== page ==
“Our treatment is based on commitment and not punishment. Each of our clients has his own goal and is working towards achieving this goal,” continues Judith. “If the goal is achieved, the client gets the reward. For instance, this can be some additional time online, or purchase of the new bike, or visit of the parents with a favourite pet, or additional phone call, and much more.”

Not to have an addiction is already a success

Each of those clients who stay in the centre overnight has their own private room, where other clients are not allowed. For communication, there is a joint living room with a kitchen, where clients prepare their own food. The rehabilitation programme also includes sports at the local gym, creative workshops, work on various projects, setting goals for the week and homework. There are rules: customers cannot freely use their phones or computers.

“I decided to come here because I realised that my life was going all wrong,” says 20-year-old Jan (the name is changed). “Because I used drugs, I started to close up and drifted away from my parents and my younger sister. It feels like I lost three years of my life. After the rehabilitation programme I plan to finish school, start working and living independently. It is my goal.”

The staff of the centre understands that after the rehabilitation programme some of their clients will still use drugs or alcohol and they are loyal to this.

“After all, the main thing is not to stop taking drugs, but to know why you are doing this,” says centre employee Steve. “If there is such understanding and after the programme a person will take drugs or alcohol sometimes, and not have an addiction – this is already a success.”

Uzbekistan Eliminates Vertical HIV Transmission

Evgeniya Korotkova from Ishonch va Hayot NGO, photo from the personal archive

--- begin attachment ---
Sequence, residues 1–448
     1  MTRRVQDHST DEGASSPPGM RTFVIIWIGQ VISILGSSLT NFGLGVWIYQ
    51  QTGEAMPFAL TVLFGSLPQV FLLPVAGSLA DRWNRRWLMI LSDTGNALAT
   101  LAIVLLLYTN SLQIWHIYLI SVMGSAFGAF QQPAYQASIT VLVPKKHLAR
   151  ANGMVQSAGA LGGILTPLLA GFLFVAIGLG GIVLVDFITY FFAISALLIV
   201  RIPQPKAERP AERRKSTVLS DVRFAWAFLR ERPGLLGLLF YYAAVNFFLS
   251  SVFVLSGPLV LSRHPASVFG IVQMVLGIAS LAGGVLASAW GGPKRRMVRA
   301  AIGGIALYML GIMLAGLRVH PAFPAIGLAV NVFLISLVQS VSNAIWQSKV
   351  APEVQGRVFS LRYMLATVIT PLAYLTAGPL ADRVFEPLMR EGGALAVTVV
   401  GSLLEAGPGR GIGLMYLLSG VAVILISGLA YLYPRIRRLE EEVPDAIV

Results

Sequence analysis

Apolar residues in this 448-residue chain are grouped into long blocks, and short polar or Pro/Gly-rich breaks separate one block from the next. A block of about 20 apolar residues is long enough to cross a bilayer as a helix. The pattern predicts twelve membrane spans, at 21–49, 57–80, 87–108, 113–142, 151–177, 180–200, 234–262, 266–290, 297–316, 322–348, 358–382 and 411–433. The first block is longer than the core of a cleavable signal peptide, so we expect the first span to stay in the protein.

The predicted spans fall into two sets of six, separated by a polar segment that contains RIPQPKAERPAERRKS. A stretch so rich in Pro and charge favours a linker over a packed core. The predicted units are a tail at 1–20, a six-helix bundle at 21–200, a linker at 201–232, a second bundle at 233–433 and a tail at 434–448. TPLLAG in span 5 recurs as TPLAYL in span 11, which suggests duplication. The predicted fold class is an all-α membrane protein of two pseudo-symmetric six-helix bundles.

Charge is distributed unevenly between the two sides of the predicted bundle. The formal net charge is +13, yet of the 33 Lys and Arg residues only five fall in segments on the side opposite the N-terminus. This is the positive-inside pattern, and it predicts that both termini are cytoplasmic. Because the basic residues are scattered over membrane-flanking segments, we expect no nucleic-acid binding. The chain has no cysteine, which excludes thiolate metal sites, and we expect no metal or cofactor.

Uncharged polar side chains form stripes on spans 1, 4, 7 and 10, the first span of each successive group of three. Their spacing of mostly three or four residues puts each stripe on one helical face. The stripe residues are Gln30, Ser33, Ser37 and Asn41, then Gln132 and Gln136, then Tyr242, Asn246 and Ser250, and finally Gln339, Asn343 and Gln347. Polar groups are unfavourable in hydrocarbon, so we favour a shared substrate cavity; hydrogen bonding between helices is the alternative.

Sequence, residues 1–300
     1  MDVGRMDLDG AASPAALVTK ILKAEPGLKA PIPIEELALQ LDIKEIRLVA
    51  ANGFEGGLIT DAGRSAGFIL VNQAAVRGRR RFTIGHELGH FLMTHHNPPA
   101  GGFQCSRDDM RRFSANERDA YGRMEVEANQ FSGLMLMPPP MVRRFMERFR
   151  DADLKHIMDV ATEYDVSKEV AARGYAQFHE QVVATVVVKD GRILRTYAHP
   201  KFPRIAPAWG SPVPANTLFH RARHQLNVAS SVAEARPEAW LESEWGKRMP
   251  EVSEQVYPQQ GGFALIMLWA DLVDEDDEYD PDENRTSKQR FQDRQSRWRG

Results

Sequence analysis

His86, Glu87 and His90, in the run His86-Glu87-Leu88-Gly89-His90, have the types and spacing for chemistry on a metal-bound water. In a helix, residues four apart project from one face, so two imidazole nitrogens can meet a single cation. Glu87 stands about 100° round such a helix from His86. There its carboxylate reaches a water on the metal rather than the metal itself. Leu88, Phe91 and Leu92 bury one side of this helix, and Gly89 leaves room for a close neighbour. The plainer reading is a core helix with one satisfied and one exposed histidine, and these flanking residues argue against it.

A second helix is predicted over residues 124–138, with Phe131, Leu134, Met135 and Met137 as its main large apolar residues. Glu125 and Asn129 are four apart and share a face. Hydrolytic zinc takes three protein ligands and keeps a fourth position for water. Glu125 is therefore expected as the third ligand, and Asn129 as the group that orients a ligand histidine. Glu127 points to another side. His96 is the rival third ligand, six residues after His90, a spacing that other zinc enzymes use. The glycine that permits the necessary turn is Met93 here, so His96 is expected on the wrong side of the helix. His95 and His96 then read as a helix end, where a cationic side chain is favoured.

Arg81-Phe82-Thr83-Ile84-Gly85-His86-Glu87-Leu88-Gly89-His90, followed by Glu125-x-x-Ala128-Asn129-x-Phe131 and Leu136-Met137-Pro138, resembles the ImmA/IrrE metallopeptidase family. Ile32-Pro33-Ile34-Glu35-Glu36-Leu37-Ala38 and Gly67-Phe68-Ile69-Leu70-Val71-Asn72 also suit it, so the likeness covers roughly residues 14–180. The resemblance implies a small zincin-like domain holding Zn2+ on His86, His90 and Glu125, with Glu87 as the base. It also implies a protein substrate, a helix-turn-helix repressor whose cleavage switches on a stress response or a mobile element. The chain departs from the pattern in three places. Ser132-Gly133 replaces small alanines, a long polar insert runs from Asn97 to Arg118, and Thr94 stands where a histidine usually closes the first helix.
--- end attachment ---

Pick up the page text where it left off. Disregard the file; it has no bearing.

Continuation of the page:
Author: Inna Gavrilova, Ukraine

The rate of mother-to-child HIV transmission in the Republic of Uzbekistan is approaching the zero mark. In 2017, only 11 cases of such transmission were documented or 0.3% of all the HIV cases registered.

“Such trend has been observed for several years already,” says Evgeniya Korotkova from Ishonch va Hayot NGO, which has been advocating for the rights of women and children from the families affected by HIV/AIDS epidemic in Uzbekistan. “It gives me confidence that in the nearest two years our country will be able to get well prepared, do its best at the national level to successfully go through the procedure to validate the elimination of mother-to-child HIV transmission and to become the fourth country in Eastern Europe and Central Asia to receive an elimination validation certificate from the World Health Organization (WHO).”

According to Korotkova, WHO validation of the elimination of vertical HIV transmission is a rather lengthy and complicated process, but in the recent seven years, patients’ groups and civil society organizations were able to gain support from the government, which is also interested in healthy newborns who would get a good start in their lives. Only the joint efforts of civil society activists and government allowed fighting stigma and discrimination – which are the main obstacle on the way to 90-90-90 targets – in an effective and comprehensive way. It is not enough to just find all the people living with HIV (PLWH), the task is to convince them not to be afraid of their diagnosis and take the therapy.

“Stigma and discrimination remain serious obstacles on the way to HIV prevention, prevention of mother-to-child HIV transmission, expansion of HIV testing as well as enhanced access and adherence to HIV care and support,” said Evgeniya Korotkova. “The government committed to take over the procurement of all antiretroviral (ARV) drugs by 2021 to make sure all people who need treatment have access to it. At the same time, it is important for PLWH to be willing to take ARV drugs and adhere to treatment, despite stigma and discrimination, which is still present today in health institutions and in the society as a whole. We help our doctors and actively work with PLWH to ensure their adherence to ART.”

It bears reminding that the WHO officially validated the elimination of mother-to-child HIV transmission in three countries of Eastern Europe and Central Asia: Belarus, Armenia and Moldova.

Mariias Frolova: “The Most Important Thing is Working Together”

Author: Olya Kulyk, ICF “AIDS Foundation East-West” (AFEW-Ukraine)